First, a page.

You’ve had your share of favorite, and not-so-favorable projects. But before reaching for examples from projects most relevant to the position you are interviewing for, note that it’s less important what the project was than why you enjoyed working on it. Did it give you the opportunity to flex certain skills—like algorithms, front-end, or database skills—more than others? Did the project involve a lot of collaboration, or more individual tinkering? The reason can be as technical or as personal as you like, as long as it speaks to the things that bring you fulfillment in your work.
2. Which do you prefer: the analysis, design, and deployment phases of an IT project, or the development phase of a specific, individual task?
The real question being asked, is “would you prefer to work in a role, with the flexibility to wear multiple hats and possibly move into a different role down the line, or do you feel most comfortable taking on a role with a clear job description and boundaries?” Your answer to this question could make or break your likelihood of receiving a job or contract offer. But that doesn’t mean you should be dishonest. Rather, keep this question at the forefront of your mind during your searching phase to ensure you are seeking out opportunities that best suit your abilities and interests.
3. Why do you think you would be a good fit for this opportunity?
Not all interview questions have to be tricky or surprising. The easiest way for an interviewer to assess your interest in and qualifications for a role is to ask you point blank. Draw on your previous examples of success working in similar roles to show your technical competency, while making sure to highlight specific or unique things about the particular role or company that you are excited about. Enthusiasm can go a long way in showcasing engagement and culture fit.
Open-Ended Story Questions: Are you a good fit for this opportunity based on your non-technical skills?
Despite your expertise as a .NET Developer, showcasing your non-technical skills is an important success factor during an interview. The most revealing way for an interviewer to assess these skills is by asking you open-ended, or “story” questions. These questions give you the opportunity to draw on your past experiences to emphasize your adaptability, critical thinking, communication, and other important soft skills. Come up with some story examples in advance to boost your confidence and chances of success.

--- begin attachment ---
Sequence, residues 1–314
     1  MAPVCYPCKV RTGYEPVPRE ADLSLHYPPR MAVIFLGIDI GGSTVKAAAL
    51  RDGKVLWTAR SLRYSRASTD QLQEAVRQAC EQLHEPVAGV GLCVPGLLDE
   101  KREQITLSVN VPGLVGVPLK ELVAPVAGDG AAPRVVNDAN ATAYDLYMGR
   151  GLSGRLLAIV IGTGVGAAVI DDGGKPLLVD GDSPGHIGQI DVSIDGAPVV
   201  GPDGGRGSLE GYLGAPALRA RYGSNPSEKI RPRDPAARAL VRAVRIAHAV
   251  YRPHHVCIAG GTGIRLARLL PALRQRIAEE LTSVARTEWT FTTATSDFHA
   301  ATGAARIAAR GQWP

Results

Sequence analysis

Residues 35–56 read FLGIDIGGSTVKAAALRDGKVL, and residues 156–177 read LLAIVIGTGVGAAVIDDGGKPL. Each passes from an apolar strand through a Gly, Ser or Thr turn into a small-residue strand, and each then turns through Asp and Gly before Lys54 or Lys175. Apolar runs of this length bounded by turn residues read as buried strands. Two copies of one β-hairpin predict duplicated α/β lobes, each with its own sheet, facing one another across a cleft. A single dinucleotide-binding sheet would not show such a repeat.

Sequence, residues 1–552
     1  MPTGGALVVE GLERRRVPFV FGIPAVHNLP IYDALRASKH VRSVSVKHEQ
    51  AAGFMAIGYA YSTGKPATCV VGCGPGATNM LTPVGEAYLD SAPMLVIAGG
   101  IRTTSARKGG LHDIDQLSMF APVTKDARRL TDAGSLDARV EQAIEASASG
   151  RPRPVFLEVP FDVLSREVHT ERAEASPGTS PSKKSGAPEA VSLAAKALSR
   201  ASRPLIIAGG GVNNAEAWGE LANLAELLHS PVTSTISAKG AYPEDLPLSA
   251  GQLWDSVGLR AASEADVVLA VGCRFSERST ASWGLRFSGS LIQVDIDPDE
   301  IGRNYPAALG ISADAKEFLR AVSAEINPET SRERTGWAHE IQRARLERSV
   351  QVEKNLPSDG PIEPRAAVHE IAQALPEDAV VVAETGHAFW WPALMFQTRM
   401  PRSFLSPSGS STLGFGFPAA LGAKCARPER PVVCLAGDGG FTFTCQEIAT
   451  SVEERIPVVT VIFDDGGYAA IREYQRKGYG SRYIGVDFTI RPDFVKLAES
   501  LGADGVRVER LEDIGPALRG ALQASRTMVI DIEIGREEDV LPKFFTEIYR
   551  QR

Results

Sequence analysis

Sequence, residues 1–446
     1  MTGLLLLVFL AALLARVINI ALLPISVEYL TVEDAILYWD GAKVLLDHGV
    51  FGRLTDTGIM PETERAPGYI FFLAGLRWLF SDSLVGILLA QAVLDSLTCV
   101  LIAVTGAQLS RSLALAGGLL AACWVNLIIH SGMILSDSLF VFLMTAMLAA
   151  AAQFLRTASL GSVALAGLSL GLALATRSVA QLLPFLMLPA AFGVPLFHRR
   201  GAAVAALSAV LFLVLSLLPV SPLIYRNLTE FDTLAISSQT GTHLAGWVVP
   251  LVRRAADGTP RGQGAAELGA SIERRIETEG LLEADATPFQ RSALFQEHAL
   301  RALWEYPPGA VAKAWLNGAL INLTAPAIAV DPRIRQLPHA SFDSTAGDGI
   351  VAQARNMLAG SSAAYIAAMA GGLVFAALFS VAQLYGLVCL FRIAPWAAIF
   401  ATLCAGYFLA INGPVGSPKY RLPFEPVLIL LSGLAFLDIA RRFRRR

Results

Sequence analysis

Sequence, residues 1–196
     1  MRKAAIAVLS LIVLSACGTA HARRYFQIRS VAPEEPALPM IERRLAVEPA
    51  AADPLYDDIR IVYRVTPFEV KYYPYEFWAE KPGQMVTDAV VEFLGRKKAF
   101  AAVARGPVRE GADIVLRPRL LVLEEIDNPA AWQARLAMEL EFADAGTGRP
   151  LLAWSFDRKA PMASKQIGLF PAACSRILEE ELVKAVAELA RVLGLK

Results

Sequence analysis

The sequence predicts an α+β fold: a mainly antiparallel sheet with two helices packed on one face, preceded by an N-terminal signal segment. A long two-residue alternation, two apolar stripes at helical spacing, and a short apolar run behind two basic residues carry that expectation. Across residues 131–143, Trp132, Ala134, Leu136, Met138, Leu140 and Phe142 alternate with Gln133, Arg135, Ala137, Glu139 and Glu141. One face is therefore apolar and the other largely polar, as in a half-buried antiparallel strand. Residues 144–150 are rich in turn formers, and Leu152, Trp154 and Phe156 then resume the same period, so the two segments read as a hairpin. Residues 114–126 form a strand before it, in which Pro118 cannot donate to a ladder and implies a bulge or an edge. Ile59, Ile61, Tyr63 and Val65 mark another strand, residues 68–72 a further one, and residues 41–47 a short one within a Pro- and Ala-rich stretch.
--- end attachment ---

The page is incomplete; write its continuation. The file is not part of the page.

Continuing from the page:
1. Tell me about three times you failed
The fact that you’ve made mistakes in the past isn’t significant—but what you learned as a result of those mistakes is. Showcase your growth by reflecting on your decision making process, and the ways you will handle a certain situation differently in the future. Not only can your response help you establish your adaptability, but an acknowledgement of past mistakes displays a sense of humility and willingness to receive instruction and criticism, which employers value.
2. What would you do if you didn’t think you could meet a project deadline?
Use this question as an opportunity to unveil your potential, as well as your critical thinking and time management skills. “What if,” scenario questions are designed to challenge you to respond more organically—because the situation is hypothetical, you really don’t have a concrete answer, and it’s ok to acknowledge that. Show creativity and thoughtfulness in your response and you’ll win over your audience.
3. Tell me about a time a project allowed you to flex your non-technical strengths.
Have you ever had to step into a leadership role to ensure your team met a project deadline? Or, think about times when you were given the chance to work very independently, or collaborate extensively. Whatever the experience, choose a positive example of a time you were stretched, and thrived working outside of your comfort zone. Take any chance you get to affirm your communication skills and well roundedness as an IT pro.
The key takeaway from any interview is not discovering if you can succeed at a job, but whether or not you’re the right fit for it. By displaying your technical and non-technical competency with thoughtful responses to interview questions, you can establish your value in a well-rounded way, and land your next great .NET gig.